A ROBOT greeted a member of the Royal Family during a visit to a tech-focused business that is preparing us for the future.
HRH The Duke of Kent was once the president of the BCS Chartered Institute for IT and then went on to be its patron for more than 40 years.
Prince Edward paid a visit to its new offices in the town centre on Wednesday, after its staff settled in in 2020 after moving out of the old base in North Star.
Upon his arrival, His Royal Highness was greeted by CEO Rashik Parmar MBE – who spoke through the screen and speakers on a two-wheeled ‘tele-presence’ robot controlled by the boss from the other side of the office.
Mr Parmar welcomed the Duke to the workplace, where he met former BCS president Dame Stephanie Shirley.
Both were impressed by presentations from senior figures at BCS who spoke about how they had played a key role in the new curriculum which teaches computing to all children over the age of five.
HRH said: “It’s very impressive – virtually every school now has someone able to teach this when there were very few not long ago. It’s moving so fast.”
The cousin of Her Late Majesty Queen Elizabeth II also heard about how more than 1,000 community volunteers arrange events to help people better understand tech, and the Coding Black Females initiative which aims to address the lack of black women working in the IT industry.
Prince Edward received a framed photo of an archive issue of the IT Now magazine from 1979, which had the then-president on its front cover.
Mr Parmar said: “HRH The Duke of Kent has been a long-standing friend and supporter of the power of information technology, watching it transform from a niche interest to something woven into very part of our lives.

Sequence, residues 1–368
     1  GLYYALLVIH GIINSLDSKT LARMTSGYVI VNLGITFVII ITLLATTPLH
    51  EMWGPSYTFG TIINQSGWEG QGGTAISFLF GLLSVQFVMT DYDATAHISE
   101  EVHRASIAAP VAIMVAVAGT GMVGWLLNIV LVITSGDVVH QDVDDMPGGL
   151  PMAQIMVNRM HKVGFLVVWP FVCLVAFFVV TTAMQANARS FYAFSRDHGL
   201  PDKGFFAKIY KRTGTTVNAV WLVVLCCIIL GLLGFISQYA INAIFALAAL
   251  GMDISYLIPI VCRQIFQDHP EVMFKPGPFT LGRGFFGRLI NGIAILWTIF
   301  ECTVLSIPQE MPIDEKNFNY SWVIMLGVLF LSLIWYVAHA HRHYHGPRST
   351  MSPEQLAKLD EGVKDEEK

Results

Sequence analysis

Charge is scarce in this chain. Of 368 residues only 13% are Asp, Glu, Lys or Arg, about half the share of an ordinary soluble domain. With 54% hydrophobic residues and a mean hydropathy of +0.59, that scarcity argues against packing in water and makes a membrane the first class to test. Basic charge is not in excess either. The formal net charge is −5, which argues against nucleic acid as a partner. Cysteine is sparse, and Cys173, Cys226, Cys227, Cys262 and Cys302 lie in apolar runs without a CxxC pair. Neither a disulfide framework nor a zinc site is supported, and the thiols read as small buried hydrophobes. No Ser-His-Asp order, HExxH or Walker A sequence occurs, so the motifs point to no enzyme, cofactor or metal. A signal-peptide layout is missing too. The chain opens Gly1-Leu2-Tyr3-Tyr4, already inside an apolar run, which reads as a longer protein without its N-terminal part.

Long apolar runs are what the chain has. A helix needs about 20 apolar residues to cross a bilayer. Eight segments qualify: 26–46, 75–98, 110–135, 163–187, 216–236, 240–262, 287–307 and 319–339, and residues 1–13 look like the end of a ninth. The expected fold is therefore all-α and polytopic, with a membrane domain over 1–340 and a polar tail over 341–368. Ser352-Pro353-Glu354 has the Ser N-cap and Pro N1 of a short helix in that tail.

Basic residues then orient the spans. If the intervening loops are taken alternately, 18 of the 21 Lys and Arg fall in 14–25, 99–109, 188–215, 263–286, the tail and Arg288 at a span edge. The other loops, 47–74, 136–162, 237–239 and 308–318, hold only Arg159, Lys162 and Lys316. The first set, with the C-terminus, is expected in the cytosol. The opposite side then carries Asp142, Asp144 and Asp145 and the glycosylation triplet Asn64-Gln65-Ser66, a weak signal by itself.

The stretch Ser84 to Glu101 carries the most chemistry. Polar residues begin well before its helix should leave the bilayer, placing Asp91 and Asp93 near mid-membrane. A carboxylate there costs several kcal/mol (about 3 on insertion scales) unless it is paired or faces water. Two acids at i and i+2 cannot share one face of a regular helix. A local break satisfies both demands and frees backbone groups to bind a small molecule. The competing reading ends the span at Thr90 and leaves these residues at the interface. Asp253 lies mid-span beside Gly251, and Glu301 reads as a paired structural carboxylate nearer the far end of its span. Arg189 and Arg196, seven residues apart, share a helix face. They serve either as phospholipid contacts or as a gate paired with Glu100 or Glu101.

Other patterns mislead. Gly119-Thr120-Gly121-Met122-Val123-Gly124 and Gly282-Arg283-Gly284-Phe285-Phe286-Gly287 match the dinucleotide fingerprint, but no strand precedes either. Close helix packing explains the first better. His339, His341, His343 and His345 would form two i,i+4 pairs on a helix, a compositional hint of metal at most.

“We were delighted to welcome him to our offices, and to restate our message that an ethical, accountable and inclusive IT profession benefits everyone.”
Established in 1957, BCS was granted a royal charter by the Privy Council in 1984 which defines its role in maintaining standards of competence, conduct and ethical practice within the IT profession.
It represents 60,000 members, promotes advice on government policies about computing and the internet, and carries out the most digital apprenticeships of any company in the UK (4,500 a year).
Dame Stephanie Shirley CH is a global IT entrepreneur and philanthropist. She said: “It has been an honour to welcome The Duke of Kent today to BCS.
“Having spent the best part of seven decades in our industry, I have seen a great deal of positive change. Women are now playing a vital role in all aspects of tech and are making their way in this sector.
“However, women are still under-represented, and more needs to be done to attract and retain them in this fast-growing sector. We’re grateful that the Duke continues to support BCS and our work to create a diverse and exciting IT profession.”
The institute’s managing director Holly Porter said: “I was quite nervous before my presentation, but it went well.
“His Royal Highness has been part of our organisation and our heritage for so long, and having a royal patron and charter is so important for our members to give us credibility around the qualifications we have, so to have him come to our offices meant a lot to the staff.
“We convene different people through partnerships and in government, and give our members the opportunity to share their views as well when there is a key question.”
Before this visit, the Duke visited the Steam Museum.